For many, Didi Kempot, the popular campursari singer who passed away this week at the age of 53, will remain the voice of comfort for those going through a heartbreak or a rough patch in their relationship.
In a career spanning over 30 years, Didi Kempot released more than 700 campursari songs for the lovelorn and broken-hearted, weaving all kinds of sad stories about people losing the love of their lives. Campursari, which originated in Central Java, is a song genre combining traditional Javanese and modern pop instruments.
Though he was celebrated not only by the Javanese, but also non-Javanese and people living overseas, mainly in the Netherlands and Suriname, Didi Kempot only released songs in Javanese language as, for him, music had a universal value that could touch people’s hearts regardless of language, race, and nationality.
In 1984, Didi started his career in the music industry as a busker in Solo city, Central Java Province. With five of his friends, Dani Pelo, Rian Penthul, Comet, Hari Gempil, and Mamat Kuncung, Didi formed a street band named Kempot, or the”Sidewalk Buskers’ Group” (Kelompok Pengamen Trotoar). Three years later, Didi tried his luck in the country’s capital city, Jakarta, by joining a group of buskers in Slipi, West Jakarta.
Didi could have taken an easier route to launch his career: his father, Ranto Edi Gudel, was a famous comedian in Solo, while his mother, Umiyati Siti Nurjanah, was a traditional Javanese singer from Ngawi, Central Java. Meanwhile, Didi’s late older brother, Mamiek Prakoso, was also a comedian with a renowned Srimulat group.
However, Didi was determined to make a mark on his own and become a singer. So, he dropped out of high school, sold his bicycle, and bought a guitar. Although he faced hardships, starting off as a busker, in 1989, Didi got an opportunity to sign a music label and released his first hit: Cidro, a Javanese word for pain or injury.
The song tells a story of a broken-hearted romantic whose lover chose someone else, although the two made a promise to stay together. Loosely translated into English, it goes: “Don’t you remember? Our hearts blossoms. What choice do I have? It’s my fate to get hurt like this. My heart breaks as I remember her promise. Never would I have thought it was all sweet but meant nothing.”
Short after its release, Cidro gained huge success not only in Indonesia, but also in the Netherlands and Suriname, as the song brought back memories of their hometowns among the Javanese diaspora living overseas. In some interviews, Didi would say his songs were better known in Suriname than in his home country.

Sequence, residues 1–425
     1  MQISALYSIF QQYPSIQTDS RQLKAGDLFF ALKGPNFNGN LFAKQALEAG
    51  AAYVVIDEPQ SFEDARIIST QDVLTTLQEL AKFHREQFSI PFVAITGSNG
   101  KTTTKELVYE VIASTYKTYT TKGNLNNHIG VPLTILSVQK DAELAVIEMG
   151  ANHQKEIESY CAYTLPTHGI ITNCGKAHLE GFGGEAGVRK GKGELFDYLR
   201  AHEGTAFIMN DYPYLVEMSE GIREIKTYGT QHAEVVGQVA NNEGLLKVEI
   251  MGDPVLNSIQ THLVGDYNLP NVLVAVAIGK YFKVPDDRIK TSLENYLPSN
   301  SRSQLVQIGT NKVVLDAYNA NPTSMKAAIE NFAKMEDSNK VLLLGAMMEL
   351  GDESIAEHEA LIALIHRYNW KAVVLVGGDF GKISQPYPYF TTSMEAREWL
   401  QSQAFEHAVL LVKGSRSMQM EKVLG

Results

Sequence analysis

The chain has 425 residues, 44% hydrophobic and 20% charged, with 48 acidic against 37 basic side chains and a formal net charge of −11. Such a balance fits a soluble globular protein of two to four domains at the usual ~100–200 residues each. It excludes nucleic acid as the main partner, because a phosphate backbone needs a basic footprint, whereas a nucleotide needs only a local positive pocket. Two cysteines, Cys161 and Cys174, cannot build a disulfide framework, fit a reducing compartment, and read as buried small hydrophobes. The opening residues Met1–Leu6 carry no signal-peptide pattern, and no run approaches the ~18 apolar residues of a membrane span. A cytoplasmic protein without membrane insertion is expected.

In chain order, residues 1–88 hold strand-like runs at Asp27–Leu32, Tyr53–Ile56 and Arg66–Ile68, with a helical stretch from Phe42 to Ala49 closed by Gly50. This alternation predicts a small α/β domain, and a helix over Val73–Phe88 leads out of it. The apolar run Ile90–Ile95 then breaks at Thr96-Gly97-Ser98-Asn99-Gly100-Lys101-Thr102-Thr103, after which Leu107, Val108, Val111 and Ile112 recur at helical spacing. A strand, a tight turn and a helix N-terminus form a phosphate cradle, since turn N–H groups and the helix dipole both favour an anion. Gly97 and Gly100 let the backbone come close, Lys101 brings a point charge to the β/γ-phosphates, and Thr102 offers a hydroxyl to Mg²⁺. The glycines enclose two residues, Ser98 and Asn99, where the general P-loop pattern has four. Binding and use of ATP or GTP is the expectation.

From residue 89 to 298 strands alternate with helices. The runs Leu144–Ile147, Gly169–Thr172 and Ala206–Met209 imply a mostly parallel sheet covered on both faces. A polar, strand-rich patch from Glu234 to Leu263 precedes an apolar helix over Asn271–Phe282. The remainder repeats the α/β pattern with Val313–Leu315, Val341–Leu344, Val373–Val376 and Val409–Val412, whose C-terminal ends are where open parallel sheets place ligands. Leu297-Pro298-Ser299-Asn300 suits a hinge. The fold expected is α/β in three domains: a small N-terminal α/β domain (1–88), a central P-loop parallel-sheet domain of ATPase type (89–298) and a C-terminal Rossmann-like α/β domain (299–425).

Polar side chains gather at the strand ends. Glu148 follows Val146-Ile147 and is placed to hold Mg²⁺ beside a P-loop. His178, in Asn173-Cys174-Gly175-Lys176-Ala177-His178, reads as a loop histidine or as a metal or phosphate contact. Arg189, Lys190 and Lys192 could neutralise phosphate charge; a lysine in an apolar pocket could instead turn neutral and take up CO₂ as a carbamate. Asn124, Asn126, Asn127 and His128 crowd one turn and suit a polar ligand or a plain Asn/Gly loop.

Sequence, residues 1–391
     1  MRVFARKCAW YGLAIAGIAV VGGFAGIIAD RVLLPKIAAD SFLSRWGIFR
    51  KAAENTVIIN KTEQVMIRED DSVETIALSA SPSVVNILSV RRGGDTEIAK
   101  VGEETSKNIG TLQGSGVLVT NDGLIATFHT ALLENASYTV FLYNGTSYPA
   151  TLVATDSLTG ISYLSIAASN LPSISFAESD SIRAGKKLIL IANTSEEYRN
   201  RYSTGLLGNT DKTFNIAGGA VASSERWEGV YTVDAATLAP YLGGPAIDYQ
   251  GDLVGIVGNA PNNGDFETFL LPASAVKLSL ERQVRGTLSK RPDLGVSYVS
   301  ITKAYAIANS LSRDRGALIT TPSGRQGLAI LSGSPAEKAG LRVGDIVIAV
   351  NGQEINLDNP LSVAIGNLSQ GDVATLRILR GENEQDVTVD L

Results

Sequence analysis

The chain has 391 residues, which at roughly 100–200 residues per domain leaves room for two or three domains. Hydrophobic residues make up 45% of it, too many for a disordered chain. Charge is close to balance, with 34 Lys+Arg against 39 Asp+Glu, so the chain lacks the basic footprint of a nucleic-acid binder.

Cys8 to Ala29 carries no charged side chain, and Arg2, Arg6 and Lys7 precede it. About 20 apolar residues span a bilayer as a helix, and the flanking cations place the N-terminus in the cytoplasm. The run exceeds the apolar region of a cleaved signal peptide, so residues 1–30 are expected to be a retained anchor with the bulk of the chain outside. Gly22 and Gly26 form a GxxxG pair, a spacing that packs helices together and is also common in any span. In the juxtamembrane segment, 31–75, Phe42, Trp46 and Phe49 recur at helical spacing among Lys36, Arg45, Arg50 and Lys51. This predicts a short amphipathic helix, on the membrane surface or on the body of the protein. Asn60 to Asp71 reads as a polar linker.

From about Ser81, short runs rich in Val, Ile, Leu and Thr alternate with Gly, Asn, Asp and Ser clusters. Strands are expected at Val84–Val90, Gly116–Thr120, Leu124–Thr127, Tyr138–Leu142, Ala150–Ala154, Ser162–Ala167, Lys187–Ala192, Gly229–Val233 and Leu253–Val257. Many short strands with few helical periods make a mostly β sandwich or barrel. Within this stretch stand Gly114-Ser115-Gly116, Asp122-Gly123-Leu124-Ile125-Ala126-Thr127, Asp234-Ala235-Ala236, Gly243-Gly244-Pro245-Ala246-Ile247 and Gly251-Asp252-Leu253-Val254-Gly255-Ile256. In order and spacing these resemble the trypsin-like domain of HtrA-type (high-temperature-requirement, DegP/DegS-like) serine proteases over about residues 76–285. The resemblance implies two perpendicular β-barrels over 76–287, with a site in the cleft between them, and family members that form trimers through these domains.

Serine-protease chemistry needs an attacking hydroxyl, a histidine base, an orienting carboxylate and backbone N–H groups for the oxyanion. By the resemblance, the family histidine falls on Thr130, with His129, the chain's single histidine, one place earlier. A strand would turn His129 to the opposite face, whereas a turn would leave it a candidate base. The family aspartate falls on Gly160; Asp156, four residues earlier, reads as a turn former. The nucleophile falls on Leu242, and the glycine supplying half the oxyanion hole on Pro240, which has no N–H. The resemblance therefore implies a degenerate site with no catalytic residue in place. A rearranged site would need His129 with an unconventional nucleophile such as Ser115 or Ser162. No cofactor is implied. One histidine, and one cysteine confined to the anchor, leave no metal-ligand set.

Since 1989 until today, the song remains popular, mainly among millenials, a younger generation of Didi Kempot’s fans, who call themselves “sad boys” and “sad girls”. They have also dubbed Didi Kempot as the “godfather of broken heart”, a more catchy epithet that appears to have never crossed the minds of older Didi fans.
On his official Youtube account, Cidro has been viewed by at least 22 million people, while via Stockholm-based digital music provider, Spotify, the song has been streamed by more than five million listeners. Besides Cidro, Didi’s other hits include Stasiun Balapan, Pamer Bojo, Banyu Langit, Sewu Kuto, and Layang Kangen. Most of Didi’s songs have been heard and streamed by millions of listeners using digital music services.
After listening to Didi’s songs on love and loss, some may question what made his works resonate with people of all ages — from the Baby Boomers to the millenials. In an interview broadcast on Youtube last year, he said most people experience heartbreak or unrequited love at some point in their lives.
When faced with heartbreak, some choose to shut themselves from the world and drown in sadness, while others linger on memories of past love. However, Didi, through his songs, urged all romantics to celebrate their heartbreaks by singing their sadness and crying their hearts out.
Many people still consider crying a sign of emotional weakness, but Didi told his fans otherwise. According to him, crying because of heartbreak is a part of liberation. When people are at their lowest after breaking up with lovers, for whatever reasons, they must learn their worth and learn to move on.
Didi might not have known Albert Camus, a French existentialist-cum-author who won a Nobel Prize in Literature at the age of 44, but they both share a similar view on the importance of people acknowledging their pain and sadness in order to lead an authentic life.
At a time when everyone is trying to be someone else, the message of being an authentic person and living true to one’s self can be counted among Didi’s legacies as his body is finally laid to rest in love and peace.(Genta Tenri Mawangi /cak)